I read a couple of interesting articles today with relevance to how norms and laws are enforced.
First, in FeverBee’s Online Community Guide: Using Data To Prevent Rules Violations. The blog is narrowly focussed on managing online communities about products and brands, and I started following it back when I worked for the Happiness Initiative and we were contemplating starting an online community about happiness science. We realised we didn’t have the resources to do it well, and I’ve gone on to do other things, but I kept reading that blog because it’s so often relevant to a much broader definition of a community.
This post was perhaps the broadest example, because the approach they suggest for the rules of an online community strike me as perfectly applicable to the laws of whole countries. To that end, they distinguish between repeat offenders, who need to be given a limited number of chances and then dealt with by measures ranging from shaming to banning, and multiple people violating the same rule. The key point is that if many different people keep breaking the same rule, then the rule itself is broken in some way, whether people just aren’t aware enough of it, or the rule itself needs changing. I’d love to see the same approach applied to laws; as it is laws that are routinely broken by everyday people (marijuana prohibition; private gambling restrictions; 20-year-olds and booze, etc) just chip away at collective respect for the law itself.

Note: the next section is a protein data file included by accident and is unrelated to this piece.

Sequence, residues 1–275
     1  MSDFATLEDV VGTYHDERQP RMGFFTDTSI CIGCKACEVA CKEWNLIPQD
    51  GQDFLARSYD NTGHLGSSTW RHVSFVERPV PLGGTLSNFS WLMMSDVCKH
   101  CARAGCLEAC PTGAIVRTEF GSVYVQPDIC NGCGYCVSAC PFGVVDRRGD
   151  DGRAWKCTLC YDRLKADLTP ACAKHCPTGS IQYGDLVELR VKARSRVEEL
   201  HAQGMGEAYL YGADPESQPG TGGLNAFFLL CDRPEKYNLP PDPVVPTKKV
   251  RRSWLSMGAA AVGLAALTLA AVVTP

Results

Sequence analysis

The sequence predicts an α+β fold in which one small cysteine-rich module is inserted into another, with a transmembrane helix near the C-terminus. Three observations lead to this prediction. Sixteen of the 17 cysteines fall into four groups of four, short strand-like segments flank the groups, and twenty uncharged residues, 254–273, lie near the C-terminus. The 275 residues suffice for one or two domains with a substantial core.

The second article was a much longer piece in the Village Voice: Bail is Busted: How Jail Really Works. One thing that struck me reading it was the reminder of when the NYPD arrested 700 protesters on the Brooklyn Bridge. It was far from the only instance of a massive draconian response to the Occupy protests handing us the ugly visual of the police treating a mass arrest like a cattle round up, and each of those felt like a sign of just how broken the police’s approach to the protests was. If you find yourself literally arresting multiple busloads of your citizens, it’s probably time for a rethink.
The key point of the article, though, was about how horribly broken the bail system is. The article presents pretty persuasive evidence that many innocent people end up pleading guilty to get out of a bail trap, and wrongful convictions ruin lives, yet there’s huge institutional resistance to changing it. Given that, I have huge admiration for the new initiative coming out of Occupy Wall Street to circumvent the system, not only for their own but for random defendants. If the system worked properly, I’d oppose circumventing it, but I think they can prevent a greater evil here.